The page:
BOSTON — Investigators poring over photos and video from the Boston Marathon bombing have a department-store surveillance-camera image of a man dropping off a bag at the scene of one of the blasts, a top city politician said Wednesday.
City Council President Stephen Murphy, who said he was briefed by members of the Boston Police Department, said he does not know if investigators know the man's name. He said officers are chasing leads that could take them to the suspect.
"They may be on the verge of arresting someone, and that's good," he said.
Separately, a law enforcement official who spoke to The Associated Press on condition of anonymity and was not authorized to discuss the case publicly confirmed only that investigators had an image of a potential suspect but did not know his identity.
The twin bomb blasts Monday near the finish line of the world's most famous foot race killed three people and wounded more than 170, tearing off limbs in a hail of shrapnel.
Law enforcement agencies pleaded for the public to come forward with photos, videos or any information that might help them solve the case, and they gathered surveillance video from businesses around the finish line.
The bombs are believed to have been fashioned out of ordinary kitchen pressure cookers packed with explosives, nails, ball bearings and metal shards designed to maim. Investigators suspect the bombs were hidden in black duffel bags and left on the ground.
As a result, they were looking for images of someone lugging a dark, heavy bag.
"One of the department stores down on Boylston Street submitted video system which has confirmed that a suspect is seen dropping a bag near the point of the second explosion and heading off," Murphy said.
Murphy said he was told investigators have matched information from the surveillance footage with witness descriptions of someone leaving the scene.
Earlier in the day, several news organizations, citing unidentified sources, reported that a video surveillance camera at a Lord & Taylor department store midway between the two blast sites showed a suspect with a backpack near the finish line.
The news came with Boston in a state of high excitement over conflicting information on whether a suspect was in custody.
A law enforcement official briefed on the investigation said a suspect was in custody. The official, who was not authorized to divulge details of the investigation, said the suspect was expected in federal court.
But the FBI and the U.S. attorney's office in Boston said no arrests had been made.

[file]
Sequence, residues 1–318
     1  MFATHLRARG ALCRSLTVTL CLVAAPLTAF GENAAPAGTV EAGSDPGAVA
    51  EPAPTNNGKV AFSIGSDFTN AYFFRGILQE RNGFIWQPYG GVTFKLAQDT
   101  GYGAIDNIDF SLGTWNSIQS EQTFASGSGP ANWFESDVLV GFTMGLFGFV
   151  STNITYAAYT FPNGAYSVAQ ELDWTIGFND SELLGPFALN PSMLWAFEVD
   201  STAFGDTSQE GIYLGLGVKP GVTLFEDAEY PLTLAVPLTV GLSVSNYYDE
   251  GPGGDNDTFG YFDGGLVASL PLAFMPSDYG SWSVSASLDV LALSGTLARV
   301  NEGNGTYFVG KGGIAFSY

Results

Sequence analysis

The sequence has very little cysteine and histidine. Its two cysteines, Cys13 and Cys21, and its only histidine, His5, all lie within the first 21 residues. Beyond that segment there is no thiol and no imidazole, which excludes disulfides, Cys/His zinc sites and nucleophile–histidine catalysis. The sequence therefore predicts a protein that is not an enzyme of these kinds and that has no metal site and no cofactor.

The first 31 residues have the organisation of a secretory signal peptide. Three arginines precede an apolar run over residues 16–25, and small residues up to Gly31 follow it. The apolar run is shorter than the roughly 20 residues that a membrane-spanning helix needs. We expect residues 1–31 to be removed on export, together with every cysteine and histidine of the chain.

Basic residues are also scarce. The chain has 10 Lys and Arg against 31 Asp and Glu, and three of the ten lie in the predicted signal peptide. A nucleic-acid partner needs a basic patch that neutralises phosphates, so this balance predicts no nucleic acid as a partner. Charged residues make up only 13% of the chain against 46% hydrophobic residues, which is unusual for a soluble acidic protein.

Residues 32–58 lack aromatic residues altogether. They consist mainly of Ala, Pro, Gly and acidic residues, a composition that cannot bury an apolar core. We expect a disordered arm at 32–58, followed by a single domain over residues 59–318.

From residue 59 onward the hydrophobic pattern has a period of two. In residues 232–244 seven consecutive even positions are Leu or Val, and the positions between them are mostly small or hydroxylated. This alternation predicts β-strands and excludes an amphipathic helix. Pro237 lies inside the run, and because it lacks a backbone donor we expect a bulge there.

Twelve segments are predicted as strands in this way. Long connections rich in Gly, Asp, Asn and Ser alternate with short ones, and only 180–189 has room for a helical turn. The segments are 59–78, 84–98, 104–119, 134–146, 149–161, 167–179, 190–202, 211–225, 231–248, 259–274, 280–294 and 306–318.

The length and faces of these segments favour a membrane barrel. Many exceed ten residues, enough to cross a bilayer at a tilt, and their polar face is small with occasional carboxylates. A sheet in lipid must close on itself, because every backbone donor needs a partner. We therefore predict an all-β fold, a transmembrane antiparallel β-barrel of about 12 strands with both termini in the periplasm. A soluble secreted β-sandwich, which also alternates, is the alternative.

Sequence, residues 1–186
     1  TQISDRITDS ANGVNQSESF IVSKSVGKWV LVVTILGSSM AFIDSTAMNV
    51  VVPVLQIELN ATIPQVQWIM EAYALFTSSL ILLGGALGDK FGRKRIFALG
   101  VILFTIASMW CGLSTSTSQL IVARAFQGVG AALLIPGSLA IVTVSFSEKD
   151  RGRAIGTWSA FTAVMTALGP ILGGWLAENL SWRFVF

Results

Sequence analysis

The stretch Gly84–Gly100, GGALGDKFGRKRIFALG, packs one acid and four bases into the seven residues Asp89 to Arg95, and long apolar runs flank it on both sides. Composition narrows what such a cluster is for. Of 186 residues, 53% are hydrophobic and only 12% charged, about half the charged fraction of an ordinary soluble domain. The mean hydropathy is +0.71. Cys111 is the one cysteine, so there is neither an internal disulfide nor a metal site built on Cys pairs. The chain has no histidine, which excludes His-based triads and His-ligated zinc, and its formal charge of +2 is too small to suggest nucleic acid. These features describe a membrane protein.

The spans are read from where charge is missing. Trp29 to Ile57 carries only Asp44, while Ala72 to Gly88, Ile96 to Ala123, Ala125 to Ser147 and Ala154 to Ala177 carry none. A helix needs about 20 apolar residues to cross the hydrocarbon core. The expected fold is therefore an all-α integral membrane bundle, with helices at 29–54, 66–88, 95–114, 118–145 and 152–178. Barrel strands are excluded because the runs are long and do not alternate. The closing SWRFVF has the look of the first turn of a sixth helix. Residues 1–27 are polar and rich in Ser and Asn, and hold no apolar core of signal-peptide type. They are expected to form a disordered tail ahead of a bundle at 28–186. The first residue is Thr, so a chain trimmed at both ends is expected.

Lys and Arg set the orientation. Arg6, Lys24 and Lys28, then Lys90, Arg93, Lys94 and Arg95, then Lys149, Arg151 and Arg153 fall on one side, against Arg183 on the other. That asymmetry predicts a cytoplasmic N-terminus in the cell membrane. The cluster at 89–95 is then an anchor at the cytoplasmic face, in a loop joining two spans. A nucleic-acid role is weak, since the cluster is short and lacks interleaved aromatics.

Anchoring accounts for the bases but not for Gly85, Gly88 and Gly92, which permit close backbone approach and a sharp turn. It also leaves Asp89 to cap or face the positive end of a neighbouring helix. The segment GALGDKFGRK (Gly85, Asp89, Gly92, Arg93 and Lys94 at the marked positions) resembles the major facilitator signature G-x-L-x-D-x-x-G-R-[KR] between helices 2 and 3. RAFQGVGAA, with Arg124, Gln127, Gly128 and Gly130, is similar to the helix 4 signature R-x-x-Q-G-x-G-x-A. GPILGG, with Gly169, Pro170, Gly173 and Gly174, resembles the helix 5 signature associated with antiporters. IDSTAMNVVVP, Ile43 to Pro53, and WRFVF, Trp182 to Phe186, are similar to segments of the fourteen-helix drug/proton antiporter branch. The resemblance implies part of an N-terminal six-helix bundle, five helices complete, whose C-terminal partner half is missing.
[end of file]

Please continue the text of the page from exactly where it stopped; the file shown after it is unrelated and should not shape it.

"Contrary to widespread reporting, there have been no arrests made in connection with the Boston Marathon attack," the FBI said in a statement. "Over the past day and a half, there have been a number of press reports based on information from unofficial sources that has been inaccurate. Since these stories often have unintended consequences, we ask the media, particularly at this early stage of the investigation, to exercise caution and attempt to verify information through appropriate official channels before reporting."
The official who spoke about someone being taken into custody stood by the information even after it was disputed.
Scores of victims remained hospitalized, many with grievous injuries. Fourteen were listed in critical condition. Doctors who treated the wounded corroborated reports that the bombs were packed with shrapnel and blew up close to the ground.
Peter Burke, the chief of trauma surgery at Boston Medical Center, said most of the injuries his hospital treated were to the legs.
"We have a lot of lower-extremity injuries, so I think the damage was low to the ground and wasn't up," Burke said. "The patients who do have head injuries were blown into things or were hit by fragments that went up."
The blasts killed 8-year-old Martin Richard of Boston and 29-year-old Krystle Campbell of Medford. The Shenyang Evening News, a state-run Chinese newspaper, identified the third victim as Lu Lingzi. She was a graduate student at Boston University.
A bomb threat forced the evacuation of the courthouse Wednesday midafternoon, the U.S. Marshals Service said, and security officials swept the area. Employees were allowed back in about an hour later.